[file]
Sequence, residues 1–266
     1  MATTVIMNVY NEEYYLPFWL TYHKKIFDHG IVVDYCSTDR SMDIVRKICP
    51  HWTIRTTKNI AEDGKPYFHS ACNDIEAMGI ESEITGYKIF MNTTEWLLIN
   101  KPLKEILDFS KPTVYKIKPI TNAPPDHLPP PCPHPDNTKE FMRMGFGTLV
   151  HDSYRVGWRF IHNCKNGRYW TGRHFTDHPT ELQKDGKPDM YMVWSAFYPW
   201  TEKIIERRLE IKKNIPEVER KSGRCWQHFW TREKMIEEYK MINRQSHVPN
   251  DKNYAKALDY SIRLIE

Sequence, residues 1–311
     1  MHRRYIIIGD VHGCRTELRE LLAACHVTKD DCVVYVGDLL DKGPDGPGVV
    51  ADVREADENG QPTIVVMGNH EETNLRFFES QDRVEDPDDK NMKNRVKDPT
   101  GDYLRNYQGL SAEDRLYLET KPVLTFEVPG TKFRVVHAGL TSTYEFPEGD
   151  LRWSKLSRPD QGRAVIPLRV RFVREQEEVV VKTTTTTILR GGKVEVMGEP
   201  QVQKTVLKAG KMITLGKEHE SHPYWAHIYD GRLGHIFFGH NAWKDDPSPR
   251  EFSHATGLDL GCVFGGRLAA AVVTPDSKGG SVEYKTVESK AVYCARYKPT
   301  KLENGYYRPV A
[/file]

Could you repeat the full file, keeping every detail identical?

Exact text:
Sequence, residues 1–266
     1  MATTVIMNVY NEEYYLPFWL TYHKKIFDHG IVVDYCSTDR SMDIVRKICP
    51  HWTIRTTKNI AEDGKPYFHS ACNDIEAMGI ESEITGYKIF MNTTEWLLIN
   101  KPLKEILDFS KPTVYKIKPI TNAPPDHLPP PCPHPDNTKE FMRMGFGTLV
   151  HDSYRVGWRF IHNCKNGRYW TGRHFTDHPT ELQKDGKPDM YMVWSAFYPW
   201  TEKIIERRLE IKKNIPEVER KSGRCWQHFW TREKMIEEYK MINRQSHVPN
   251  DKNYAKALDY SIRLIE

Sequence, residues 1–311
     1  MHRRYIIIGD VHGCRTELRE LLAACHVTKD DCVVYVGDLL DKGPDGPGVV
    51  ADVREADENG QPTIVVMGNH EETNLRFFES QDRVEDPDDK NMKNRVKDPT
   101  GDYLRNYQGL SAEDRLYLET KPVLTFEVPG TKFRVVHAGL TSTYEFPEGD
   151  LRWSKLSRPD QGRAVIPLRV RFVREQEEVV VKTTTTTILR GGKVEVMGEP
   201  QVQKTVLKAG KMITLGKEHE SHPYWAHIYD GRLGHIFFGH NAWKDDPSPR
   251  EFSHATGLDL GCVFGGRLAA AVVTPDSKGG SVEYKTVESK AVYCARYKPT
   301  KLENGYYRPV A